In persistent sessions, users close a browser, but retain the session when re-opening the browser on the same device. To enhance the user experience and provide more secure access, non-persistent sessions invalidate a session cookie when the browser is closed.
In some cases, non-persistent sessions cannot be enforced by tenant settings. Examples include:
The user has a session restore setting on the browser enabled; restoring the session also restores the session cookie.
The user closes a tab but not the browser window; the session cookie is not cleared until the session ends based on Idle or Absolute Expiration.
Sessions consist of a cookie on the browser and a session record on the server. In non-persistent sessions, cookies are not persisted, and a tenant timeout is set, so users don’t have to manually log out of a device.
Session lifetime determines how long the system should keep the login session and is configured per tenant. The Absolute Expiration of a session is defined when the session is created. You can enable non-persisted settings for user sessions, or allow the session to continue even if the browser is closed. You can adjust the Absolute Expiration and non-persisted settings in the Dashboard or the Management API. To learn more, read Configure Session Lifetime Settings.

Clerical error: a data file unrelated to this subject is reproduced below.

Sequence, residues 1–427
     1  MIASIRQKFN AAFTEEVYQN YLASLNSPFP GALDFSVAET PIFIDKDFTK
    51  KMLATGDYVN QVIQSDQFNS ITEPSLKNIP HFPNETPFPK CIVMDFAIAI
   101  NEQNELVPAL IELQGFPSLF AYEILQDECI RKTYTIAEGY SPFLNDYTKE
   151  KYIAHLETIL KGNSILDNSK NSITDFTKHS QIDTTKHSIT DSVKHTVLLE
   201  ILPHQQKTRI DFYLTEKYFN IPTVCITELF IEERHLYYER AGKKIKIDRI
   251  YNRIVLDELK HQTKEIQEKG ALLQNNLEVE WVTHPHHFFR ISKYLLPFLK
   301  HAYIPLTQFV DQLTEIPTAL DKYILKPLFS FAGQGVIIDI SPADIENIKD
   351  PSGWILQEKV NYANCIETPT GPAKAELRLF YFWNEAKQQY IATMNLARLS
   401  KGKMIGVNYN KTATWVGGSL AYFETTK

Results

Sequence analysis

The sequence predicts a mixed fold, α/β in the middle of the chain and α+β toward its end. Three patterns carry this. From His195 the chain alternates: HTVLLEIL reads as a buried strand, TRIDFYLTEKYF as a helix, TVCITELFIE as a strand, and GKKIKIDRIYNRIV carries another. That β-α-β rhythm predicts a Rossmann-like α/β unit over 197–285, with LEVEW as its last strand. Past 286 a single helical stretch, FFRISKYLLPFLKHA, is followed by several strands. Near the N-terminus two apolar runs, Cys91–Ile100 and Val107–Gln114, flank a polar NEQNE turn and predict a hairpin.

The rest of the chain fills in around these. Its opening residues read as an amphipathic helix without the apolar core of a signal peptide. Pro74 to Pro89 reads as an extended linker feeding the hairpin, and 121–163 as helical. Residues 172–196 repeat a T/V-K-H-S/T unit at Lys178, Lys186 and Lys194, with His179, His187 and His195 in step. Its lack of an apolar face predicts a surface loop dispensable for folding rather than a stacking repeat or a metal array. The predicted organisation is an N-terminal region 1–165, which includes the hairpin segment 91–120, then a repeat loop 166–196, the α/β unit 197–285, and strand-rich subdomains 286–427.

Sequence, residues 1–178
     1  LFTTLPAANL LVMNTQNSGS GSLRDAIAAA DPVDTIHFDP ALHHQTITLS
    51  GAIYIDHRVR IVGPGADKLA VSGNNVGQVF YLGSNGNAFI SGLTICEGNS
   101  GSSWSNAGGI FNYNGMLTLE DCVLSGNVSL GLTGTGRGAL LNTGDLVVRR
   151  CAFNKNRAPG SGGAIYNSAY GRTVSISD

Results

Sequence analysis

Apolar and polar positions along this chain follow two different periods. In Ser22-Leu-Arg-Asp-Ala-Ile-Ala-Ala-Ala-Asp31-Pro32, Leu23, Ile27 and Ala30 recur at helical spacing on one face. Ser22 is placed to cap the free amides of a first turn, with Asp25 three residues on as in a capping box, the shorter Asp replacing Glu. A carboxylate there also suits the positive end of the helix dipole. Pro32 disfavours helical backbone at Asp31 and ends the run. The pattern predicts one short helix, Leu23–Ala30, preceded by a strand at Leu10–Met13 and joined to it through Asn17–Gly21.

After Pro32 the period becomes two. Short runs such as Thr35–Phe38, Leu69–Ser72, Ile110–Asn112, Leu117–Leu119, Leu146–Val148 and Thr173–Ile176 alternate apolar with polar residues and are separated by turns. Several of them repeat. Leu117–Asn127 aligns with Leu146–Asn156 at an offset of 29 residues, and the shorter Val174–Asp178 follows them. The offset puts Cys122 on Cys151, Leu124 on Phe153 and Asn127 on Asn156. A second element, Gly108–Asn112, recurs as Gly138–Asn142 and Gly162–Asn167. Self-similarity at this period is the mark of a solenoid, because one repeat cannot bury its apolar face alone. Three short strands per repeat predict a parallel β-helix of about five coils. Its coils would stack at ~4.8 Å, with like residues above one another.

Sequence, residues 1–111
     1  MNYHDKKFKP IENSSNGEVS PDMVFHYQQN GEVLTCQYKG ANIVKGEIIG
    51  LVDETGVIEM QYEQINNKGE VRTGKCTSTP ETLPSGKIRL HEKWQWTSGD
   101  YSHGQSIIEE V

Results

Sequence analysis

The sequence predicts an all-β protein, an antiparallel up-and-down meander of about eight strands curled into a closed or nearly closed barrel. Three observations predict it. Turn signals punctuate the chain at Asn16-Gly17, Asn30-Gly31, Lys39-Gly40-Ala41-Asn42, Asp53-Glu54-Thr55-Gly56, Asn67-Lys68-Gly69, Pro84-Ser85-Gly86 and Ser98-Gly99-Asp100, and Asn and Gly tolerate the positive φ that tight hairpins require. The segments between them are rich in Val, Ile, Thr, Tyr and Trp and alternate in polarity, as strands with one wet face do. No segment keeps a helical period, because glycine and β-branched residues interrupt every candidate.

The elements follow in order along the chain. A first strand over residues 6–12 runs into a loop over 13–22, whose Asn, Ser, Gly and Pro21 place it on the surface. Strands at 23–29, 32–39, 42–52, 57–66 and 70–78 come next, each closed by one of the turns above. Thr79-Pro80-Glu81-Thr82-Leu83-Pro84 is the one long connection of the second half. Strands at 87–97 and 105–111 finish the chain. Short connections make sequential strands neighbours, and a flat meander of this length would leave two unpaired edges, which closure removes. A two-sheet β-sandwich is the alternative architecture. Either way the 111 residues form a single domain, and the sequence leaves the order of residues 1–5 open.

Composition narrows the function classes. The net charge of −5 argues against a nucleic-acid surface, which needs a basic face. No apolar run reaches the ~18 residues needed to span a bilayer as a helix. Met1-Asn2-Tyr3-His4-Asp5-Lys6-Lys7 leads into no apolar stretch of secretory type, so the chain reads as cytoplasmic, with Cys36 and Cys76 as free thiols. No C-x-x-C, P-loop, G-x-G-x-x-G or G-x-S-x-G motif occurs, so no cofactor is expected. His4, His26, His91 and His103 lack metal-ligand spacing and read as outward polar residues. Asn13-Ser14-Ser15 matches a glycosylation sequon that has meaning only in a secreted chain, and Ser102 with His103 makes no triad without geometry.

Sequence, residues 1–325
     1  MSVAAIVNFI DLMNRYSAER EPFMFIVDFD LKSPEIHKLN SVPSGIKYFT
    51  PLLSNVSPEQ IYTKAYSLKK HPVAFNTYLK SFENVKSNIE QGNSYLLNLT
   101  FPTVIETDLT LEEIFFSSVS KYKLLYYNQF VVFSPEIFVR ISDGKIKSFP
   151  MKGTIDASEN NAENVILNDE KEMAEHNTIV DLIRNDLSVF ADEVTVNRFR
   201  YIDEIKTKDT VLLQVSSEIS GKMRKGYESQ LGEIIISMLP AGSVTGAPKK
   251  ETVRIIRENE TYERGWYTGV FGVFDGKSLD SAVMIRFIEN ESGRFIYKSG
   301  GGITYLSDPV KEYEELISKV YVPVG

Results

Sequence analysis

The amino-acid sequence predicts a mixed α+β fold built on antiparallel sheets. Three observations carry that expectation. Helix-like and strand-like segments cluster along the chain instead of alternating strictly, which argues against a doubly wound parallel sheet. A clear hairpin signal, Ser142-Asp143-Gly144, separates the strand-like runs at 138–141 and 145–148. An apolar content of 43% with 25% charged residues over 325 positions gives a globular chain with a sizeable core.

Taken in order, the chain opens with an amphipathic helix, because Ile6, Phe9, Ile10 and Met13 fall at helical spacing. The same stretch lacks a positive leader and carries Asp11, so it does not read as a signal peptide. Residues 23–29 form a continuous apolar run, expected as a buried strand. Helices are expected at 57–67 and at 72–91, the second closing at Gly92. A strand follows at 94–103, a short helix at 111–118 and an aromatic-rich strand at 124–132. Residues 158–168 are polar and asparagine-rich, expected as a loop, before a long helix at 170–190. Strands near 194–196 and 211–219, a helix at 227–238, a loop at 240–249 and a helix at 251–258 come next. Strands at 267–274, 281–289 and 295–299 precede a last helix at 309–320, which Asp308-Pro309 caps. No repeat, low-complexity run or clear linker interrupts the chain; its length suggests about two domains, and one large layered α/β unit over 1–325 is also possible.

The Auth0 platform uses three types of cookies: session, Multi-Factor Authentication, and device. All of these change to non-persistent once your Auth0 tenant is configured. The tenant timeout triggers the session expiration.
When non-persistent sessions are enabled, the following cookies will be issued as session cookies when interacting with the authorization server:
To learn more about cookies, read Authentication API Cookies.
You can configure your tenant to handle sessions in one of two ways:
Persistent Mode: session cookies persist when the browser is closed.
Non-Persistent Mode: session cookies do not persist. The browser retains session cookies until the browsing session is over. To learn more, read HTTP State Management Mechanism on IETF Datatracker.
|Inactivity timeout||Timeframe (in minutes) after which a user's session will expire if they haven’t interacted with the Authorization Server. Will be superseded by system limits if over 4,320 minutes (3 days) for Developer or Developer Pro or 144,000 minutes (100 days) for enterprise plans.|
|Require log in after||Timeframe (in minutes) after which a user will be required to log in again, regardless of their activity. Will be superseded by system limits if over 43,200 minutes (30 days) for Developer or Developer Pro or 525,600 minutes (365 days) for enterprise plans.|
To configure these settings in the Dashboard:
Go to Dashboard > Tenant Settings, and select the Advanced view.
Scroll to the Log In Session Management section, locate Inactivity timeout and Require log in after, enter the desired settings, and select Save.
You can use the Management API to enable non-persistent sessions as well as set values for session lifetime, idle sessions lifetime, and properties for sessions cookies. To learn more, review the Management API Tenant Update endpoint.